Aminé reaches a new peak with second(-ish) album, Limbo
On his second - or third, depending who you ask - album, the Portland rapper encapsulates a year of wins.
If you weren’t paying attention, Aminé’s glow-up might’ve come as a surprise.
For a while, the Portland rapper was somewhat of a cult figure in hip-hop’s new frontier, being an act synonymous with the genre’s versatile and experimental future. A lot of the talk surrounding him came from his break-out single Caroline - one that really encapsulated this genre-fleeting characteristic of the rapper - but even when people moved onto the next hit, Aminé wasn’t slowing down. Instead, he took to refining his craft, treating those who kept paying attention to gift after gift after gift; each one furthering Aminé’s craft and positioning him as a rapper synonymous with hip-hop’s future.
In 2018, however, things start to pick back up again. In Australia - tens of thousands of kilometres away from his US home - Aminé turned into one of the country’s biggest international rap favourites, finding similar frenzy to someone like Denzel Curry. His own work, shown through his 2018 mixtape / album ONEPOINTFIVE - it depends how you class it - pushed limits, while work as a go-to guest collaborator for artists such as Snakehips brought in new fans, many of which soon became attracted to Aminé’s craft. He was someone on the come-up - in a bigger way than ever before - and with no tendency to slow down, it’s clear Aminé was hitting his stride.
However, if ONEPOINTFIVE was Aminé finding his stride, then his new record Limbo sees the rapper take off with lightning speed, with a pace that won’t be caught up on for a long while. It’s Aminé well and truly finding his lane and dominating, presenting an all-time record that really solidifies his place in hip-hop, not just today, but also in what it looks like tomorrow.
It’s difficult to find a record like Limbo from a similar-sized rapper in the US. It’s rich with highs and lows; emotive peaks and valleys that even if there weren’t planned or meant to be received in that way, still feels like some of the year’s most potent hip-hop. Generally speaking, a lot of the album is rich with highs. Songs like Riri are destined for late nights and early mornings, while songs like Woodlawn are playful but fierce and focused. Pressure In My Palms - an album peak - is one of the best hip-hop songs of the year, featuring two rappers whose solo work could probably be argued as year-bests themselves: Vince Staples and slowthai (the latter of which's verse, unfortunately, is criminally short though).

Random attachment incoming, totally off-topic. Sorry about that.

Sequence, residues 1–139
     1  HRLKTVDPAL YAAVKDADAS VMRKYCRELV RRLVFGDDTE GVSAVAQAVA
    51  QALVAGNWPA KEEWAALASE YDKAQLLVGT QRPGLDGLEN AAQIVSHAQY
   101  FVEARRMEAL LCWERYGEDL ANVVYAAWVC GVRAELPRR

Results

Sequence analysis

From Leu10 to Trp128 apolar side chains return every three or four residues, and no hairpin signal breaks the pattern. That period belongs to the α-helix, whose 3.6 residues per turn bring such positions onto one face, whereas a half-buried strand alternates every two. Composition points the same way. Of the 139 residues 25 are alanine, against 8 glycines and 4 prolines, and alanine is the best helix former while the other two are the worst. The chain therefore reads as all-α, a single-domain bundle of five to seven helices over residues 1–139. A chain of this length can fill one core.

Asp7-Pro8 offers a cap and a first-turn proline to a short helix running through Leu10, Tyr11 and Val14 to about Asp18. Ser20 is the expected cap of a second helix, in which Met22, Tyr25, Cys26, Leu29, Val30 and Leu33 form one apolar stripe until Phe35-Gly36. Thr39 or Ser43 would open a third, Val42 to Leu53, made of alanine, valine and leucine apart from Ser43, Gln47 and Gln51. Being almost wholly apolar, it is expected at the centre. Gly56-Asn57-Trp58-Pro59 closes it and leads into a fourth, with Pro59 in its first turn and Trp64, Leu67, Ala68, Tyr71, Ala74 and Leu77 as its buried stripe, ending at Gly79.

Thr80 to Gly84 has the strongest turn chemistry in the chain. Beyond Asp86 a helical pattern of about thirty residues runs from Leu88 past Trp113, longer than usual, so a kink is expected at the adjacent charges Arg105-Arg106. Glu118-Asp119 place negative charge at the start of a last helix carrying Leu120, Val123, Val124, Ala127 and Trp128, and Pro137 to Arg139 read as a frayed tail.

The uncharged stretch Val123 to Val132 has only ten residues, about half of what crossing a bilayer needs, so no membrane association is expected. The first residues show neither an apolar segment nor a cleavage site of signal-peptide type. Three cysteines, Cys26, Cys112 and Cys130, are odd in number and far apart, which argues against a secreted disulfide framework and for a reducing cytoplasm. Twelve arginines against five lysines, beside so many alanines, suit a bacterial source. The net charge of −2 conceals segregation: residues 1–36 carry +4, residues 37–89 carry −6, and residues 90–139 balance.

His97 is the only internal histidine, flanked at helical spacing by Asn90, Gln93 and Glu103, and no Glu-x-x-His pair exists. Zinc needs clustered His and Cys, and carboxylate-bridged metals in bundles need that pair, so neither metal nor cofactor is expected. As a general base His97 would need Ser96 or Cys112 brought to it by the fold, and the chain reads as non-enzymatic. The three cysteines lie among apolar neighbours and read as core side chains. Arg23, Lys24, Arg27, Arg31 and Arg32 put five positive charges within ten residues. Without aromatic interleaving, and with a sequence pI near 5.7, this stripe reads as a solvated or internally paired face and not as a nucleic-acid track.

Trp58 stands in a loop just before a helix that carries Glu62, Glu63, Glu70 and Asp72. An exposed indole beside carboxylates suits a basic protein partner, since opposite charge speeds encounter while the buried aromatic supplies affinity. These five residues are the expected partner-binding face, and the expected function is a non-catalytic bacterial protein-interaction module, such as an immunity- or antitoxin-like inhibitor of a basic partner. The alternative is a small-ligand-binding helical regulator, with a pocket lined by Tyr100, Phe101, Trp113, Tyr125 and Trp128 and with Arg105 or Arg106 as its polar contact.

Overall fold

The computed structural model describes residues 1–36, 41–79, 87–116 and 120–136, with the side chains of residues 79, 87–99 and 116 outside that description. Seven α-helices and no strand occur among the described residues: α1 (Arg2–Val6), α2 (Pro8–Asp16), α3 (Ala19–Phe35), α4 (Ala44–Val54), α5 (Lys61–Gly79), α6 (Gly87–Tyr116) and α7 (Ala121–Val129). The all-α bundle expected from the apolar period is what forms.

However, there are other moments that feel a little darker, going deeper into the rapper and what’s become quite a turbulent year not just for Aminé, but those he represents - Black America, fellow rappers, and so on. Kobe - a forty-second skit central to the album’s first half - is heartbreakingly reflective; a spoken monologue that mourns Kobe Byrant while celebrating his contribution to realms even far beyond his basketball crown, intertwined with other moments across the record - Woodlawn and Fetus, which we’ll get to in a second - that mention Kobe and his everlasting influence to Aminé.
Fetus, meanwhile, doesn’t really seem like a heavy moment until you really think about it. It guest stars Injury Reserve, the hip-hop group who unfortunately lost one of their key members - Jordan Groggs - to an early death earlier this year. Fetus is one of the first songs to feature Groggs’ voice following his death, and his verse speaking of his late father and how he’s going to remain present for his daughter are some of the year’s most tear-jerking to hear. “Hope I can be half the father than my momma was,” he raps.
It’s an album that really pushes what hip-hop can be, and that’s something Aminé has always brought with his music. This time around, it feels a little deeper - a little more - and nothing quite summarises Aminé as someone always willing to take things further than what they have to be.
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